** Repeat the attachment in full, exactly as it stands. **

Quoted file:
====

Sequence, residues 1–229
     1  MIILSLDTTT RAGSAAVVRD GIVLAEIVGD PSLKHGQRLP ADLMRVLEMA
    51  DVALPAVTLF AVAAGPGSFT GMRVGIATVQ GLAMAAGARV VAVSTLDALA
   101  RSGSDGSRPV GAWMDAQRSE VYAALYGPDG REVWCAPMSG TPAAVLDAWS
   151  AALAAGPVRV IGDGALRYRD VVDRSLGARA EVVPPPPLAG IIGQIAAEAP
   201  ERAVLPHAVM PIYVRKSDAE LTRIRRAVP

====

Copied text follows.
Sequence, residues 1–229
     1  MIILSLDTTT RAGSAAVVRD GIVLAEIVGD PSLKHGQRLP ADLMRVLEMA
    51  DVALPAVTLF AVAAGPGSFT GMRVGIATVQ GLAMAAGARV VAVSTLDALA
   101  RSGSDGSRPV GAWMDAQRSE VYAALYGPDG REVWCAPMSG TPAAVLDAWS
   151  AALAAGPVRV IGDGALRYRD VVDRSLGARA EVVPPPPLAG IIGQIAAEAP
   201  ERAVLPHAVM PIYVRKSDAE LTRIRRAVP